Grain storage: Bunkers a cheap alternative

An Australian low-cost, low-technology to grain storage concept heralds the end of traditional skyscraper silos.
In its global search for a low-cost grain storage solution, a South African agri-business discovered an innovative bunker-style silo, designed and successfully deployed for 25 years in Australia. Australian management company, Aus {mosimage}An Australian low-cost, low-technology to grain storage concept heralds the end of traditional skyscraper silos.
In its global search for a low-cost grain storage solution, a South African agri-business discovered an innovative bunker-style silo, designed and successfully deployed for 25 years in Australia. Australian management company, Ausbulk, stores more than five million tons of wheat each year in its bunkers.
“These bunker silos are both financially viable and an efficient means of storing grain,” says At de Lange, managing director of Afgri Processing’s Handling and Storage Division.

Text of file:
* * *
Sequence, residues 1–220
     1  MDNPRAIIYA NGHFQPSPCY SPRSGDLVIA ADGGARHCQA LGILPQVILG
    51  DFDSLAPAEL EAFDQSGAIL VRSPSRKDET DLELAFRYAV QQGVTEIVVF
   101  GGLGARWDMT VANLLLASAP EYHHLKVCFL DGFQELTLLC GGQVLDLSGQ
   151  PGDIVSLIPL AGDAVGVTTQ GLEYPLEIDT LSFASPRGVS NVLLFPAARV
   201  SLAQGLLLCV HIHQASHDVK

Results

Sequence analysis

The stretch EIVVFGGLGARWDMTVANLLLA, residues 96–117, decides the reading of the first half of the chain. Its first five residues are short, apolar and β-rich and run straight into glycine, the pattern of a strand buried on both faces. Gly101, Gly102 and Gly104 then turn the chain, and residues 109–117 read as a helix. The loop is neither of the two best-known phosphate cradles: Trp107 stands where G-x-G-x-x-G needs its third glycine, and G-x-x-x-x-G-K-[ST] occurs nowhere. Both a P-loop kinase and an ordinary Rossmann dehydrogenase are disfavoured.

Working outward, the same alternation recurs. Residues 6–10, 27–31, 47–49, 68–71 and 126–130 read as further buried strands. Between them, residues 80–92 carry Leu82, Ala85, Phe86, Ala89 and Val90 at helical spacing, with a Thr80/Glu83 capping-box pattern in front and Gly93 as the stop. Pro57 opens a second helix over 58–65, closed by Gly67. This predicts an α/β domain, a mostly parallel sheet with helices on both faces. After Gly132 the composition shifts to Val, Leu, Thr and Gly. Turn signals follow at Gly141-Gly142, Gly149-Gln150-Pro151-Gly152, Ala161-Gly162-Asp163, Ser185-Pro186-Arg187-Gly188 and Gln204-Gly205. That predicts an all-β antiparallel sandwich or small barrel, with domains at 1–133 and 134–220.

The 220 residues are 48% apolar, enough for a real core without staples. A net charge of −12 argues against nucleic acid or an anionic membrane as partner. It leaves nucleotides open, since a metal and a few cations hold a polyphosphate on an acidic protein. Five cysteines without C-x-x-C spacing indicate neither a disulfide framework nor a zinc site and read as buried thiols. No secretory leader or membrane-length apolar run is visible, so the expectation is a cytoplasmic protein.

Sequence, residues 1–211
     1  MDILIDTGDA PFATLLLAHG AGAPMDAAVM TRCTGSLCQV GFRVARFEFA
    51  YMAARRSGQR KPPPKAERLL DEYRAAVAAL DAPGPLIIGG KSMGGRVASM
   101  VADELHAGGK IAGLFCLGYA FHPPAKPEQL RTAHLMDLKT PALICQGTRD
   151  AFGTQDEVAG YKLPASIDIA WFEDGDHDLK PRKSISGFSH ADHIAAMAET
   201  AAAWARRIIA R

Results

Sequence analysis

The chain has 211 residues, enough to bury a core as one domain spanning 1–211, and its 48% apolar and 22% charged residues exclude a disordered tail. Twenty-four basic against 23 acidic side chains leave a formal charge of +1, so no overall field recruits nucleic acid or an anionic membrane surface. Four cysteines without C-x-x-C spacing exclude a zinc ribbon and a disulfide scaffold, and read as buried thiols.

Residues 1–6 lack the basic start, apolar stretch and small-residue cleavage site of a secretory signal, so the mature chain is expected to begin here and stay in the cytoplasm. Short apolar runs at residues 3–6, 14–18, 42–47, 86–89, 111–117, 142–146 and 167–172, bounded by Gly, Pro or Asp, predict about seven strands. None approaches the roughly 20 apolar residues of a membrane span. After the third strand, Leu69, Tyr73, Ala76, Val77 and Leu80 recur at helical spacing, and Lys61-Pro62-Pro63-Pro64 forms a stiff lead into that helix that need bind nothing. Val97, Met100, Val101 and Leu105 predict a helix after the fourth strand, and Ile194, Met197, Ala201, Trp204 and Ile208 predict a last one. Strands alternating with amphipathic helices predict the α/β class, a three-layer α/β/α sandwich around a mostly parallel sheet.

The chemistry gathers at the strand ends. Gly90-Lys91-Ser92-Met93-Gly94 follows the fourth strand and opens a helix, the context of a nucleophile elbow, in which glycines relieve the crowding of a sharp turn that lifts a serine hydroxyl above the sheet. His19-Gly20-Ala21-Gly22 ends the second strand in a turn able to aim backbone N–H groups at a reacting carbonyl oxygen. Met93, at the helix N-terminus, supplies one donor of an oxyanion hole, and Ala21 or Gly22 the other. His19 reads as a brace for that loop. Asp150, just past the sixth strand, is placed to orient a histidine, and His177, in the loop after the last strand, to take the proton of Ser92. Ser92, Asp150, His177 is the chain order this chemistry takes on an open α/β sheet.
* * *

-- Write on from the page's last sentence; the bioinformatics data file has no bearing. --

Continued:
Their efficacy stems from the fact that they can be rapidly erected according to the exact capacity shortfall of the region, moved from one location to another, or enlarged, as required.
The facility consists of a corrugated iron wall built around the storage space, over which a tarpaulin is tightly sealed to protect the grain from weather. It can be operational within two to four weeks.
The bunkers are especially viable for large scale grain storage. One bunker can easily hold 12,000t grain. By comparison, an average-sized – and much more expensive – traditional silo bin can store a maximum of 6,000t.
“Risk management is an integral part of bunker silo deployment,” says De Lange. “We insure against the risk of damage and, more importantly, train staff on the handling of the grain while in the bunker.
Staff have to ensure the bunker is properly covered so no rain can run in, and adequately fumigated to prevent damage,” he says.
An agreement with Ausbulk entitles Afgri to build and manage the bunkers in southern Africa.
Being involved in grain management in a number of African states, Afgri will be looking at rolling out the bunkers there too, says De Lange. Zambia could well be one of the first to benefit from this new technology.
De Lange: Tel +27-17- 624 1210; fax +27-11- 624 1225; adelange@afgri.co.za
Ausbulk: b.rogers@ausbulk.com.au
www.ausbulk.com.au